Until recently, no one seemed to have worked out how to apply budget cuts and privatisation to the field of care for the mentally ill. I’m sure think-tanks have come up with suggestions, such as sponsoring the voices in paranoid people’s heads. So patients could say “Now, instead of being warned that the man behind me is a secret agent trying to kill me, I’m told I can’t get quicker than a Kwik-Fit fitter. I’ve not got in nearly so many fights but I’ve spent my life’s savings on exhaust pipes.”

But then the Manchester Mental Health and Social Care Trust, in an effort to cut its budget by £5 million, began transferring patients to the voluntary sector, where staff were paid much less than by the Trust. So one nurse, Karen Reissman, who campaigned aganist this tactic, was suspended and then sacked, on a magnificent set of surreal charges. The first was that she was “interviewed for an article opposing the transfer of NHS care … affecting the reputation of the Trust.”

For example, she mentioned that because of cuts, there were 24 patients being kept in 20 beds. Presumably, what the staff are supposed to say if they’re asked why patients are complaining there’s two in a bed is “Oh don’t worry, that’s the schizophrenics for you.”

An elderly ward has been closed, and a thousand patients have had to change the nurse assigned to them, so obviously the person who affects the reputation of the Trust is the person who mentions this in an interview. It was the same in Abu Ghraib. Its bad reputation is all down to the disloyal types who grumbled they were coming out of there feeling a bit sore. Up until then it had four stars in the Michelin Guide.

The next reason for her sacking was that, having been suspended, “she told people she had been suspended”. No wonder they’ve got more mentally ill people than they can cope with if that’s considered sane.

How are you supposed to not tell people you’ve been suspended? What a wonderfully chaotic world if this rule applied everywhere, with no one allowed to tell anyone they’d been suspended or sacked. Charles Clarke and Blunkett would have to turn up every day at the Home Office, pretend to deport someone and come home again. Whenever England played football, every ex-manager back to Bobby Robson would have to jump along the touchline, swearing and pretending they were still running the team.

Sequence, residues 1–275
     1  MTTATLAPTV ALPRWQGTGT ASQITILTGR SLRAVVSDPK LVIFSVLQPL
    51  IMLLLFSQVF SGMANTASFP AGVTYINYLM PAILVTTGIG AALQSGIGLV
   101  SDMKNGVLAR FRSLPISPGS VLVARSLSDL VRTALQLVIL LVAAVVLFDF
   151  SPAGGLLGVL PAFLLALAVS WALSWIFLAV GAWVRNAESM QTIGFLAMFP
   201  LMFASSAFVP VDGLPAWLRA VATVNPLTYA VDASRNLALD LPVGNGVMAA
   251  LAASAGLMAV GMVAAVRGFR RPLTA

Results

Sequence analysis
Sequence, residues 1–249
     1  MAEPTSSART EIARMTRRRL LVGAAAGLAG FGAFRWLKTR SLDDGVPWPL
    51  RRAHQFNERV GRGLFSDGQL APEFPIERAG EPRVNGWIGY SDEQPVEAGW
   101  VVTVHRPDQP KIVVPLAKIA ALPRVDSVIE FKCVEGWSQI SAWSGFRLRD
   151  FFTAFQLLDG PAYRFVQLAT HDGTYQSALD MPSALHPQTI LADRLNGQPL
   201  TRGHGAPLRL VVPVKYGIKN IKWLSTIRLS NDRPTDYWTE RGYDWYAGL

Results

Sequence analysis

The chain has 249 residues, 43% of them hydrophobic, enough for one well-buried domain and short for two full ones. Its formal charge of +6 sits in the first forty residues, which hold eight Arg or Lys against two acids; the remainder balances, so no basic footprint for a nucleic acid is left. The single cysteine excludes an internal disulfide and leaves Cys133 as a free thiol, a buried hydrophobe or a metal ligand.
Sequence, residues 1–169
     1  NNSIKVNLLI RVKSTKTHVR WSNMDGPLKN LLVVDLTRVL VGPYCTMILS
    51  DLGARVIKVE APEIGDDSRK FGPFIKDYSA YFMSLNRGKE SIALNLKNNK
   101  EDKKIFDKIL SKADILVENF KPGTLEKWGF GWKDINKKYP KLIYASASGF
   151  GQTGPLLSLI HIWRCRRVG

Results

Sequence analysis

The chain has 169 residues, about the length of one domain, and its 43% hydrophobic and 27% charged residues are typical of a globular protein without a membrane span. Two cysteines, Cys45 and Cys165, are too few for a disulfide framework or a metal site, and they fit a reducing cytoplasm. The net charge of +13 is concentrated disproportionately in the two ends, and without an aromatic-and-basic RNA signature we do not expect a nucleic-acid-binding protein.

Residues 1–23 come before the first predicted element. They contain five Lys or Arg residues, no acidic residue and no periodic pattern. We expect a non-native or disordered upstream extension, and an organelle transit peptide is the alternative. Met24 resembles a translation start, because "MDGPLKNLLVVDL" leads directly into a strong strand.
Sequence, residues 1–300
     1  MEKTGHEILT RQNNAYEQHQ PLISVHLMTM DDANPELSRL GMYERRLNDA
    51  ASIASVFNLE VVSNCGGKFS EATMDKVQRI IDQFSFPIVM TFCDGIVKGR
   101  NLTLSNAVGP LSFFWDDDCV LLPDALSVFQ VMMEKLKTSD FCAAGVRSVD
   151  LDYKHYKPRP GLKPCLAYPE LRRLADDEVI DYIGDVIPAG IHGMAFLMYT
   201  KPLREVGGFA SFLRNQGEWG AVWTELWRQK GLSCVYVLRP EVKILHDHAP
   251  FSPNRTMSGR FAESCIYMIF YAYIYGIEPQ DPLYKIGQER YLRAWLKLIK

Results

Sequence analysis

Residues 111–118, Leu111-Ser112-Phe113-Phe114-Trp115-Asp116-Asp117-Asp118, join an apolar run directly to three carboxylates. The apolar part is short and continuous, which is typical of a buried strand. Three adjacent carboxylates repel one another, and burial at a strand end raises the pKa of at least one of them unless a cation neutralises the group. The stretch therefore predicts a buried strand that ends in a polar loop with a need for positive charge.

But the next charge went further – she was also sacked because “she told people she was innocent”. This takes the matter beyond the issue of industrial relations and creates a philosophical puzzle. It would certainly transform the legal system if a judge could say, “I find you not guilty of armed robbery. However, on the more serious charge of telling people you were innocent I find you guilty”. Maybe the Trust could come up with extra charges along these lines, such as “she contemplated the nature of innocence”, or “she offended the concept of perfection by considering human innocence despite our essentially flawed soul”.

Being guilty of saying you’re innocent is the sort of crime you read about in some crazed dictatorship run by an admirer of Stalin. Maybe the statement they were expecting from Karen was, “O magisterial budgetness, I humbly beseech thee with my pitiful confession of ultimate guilt, for the Trust is truly divine and therefore can not be doubted in its holy bed-cutting glory”.

And the fourth charge was “she allowed the press to print misleading statements about her case”. What a test case that would be if they get away with it. Every time someone has a pack of lies written about them in the press, they’ll be arrested for it. It would be quite a twist for the McCanns – the Daily Express headline would be, “Yesterday we said they were guilty. Today they’re to be charged with allowing us to lie that they’re guilty. Have they NO shame?”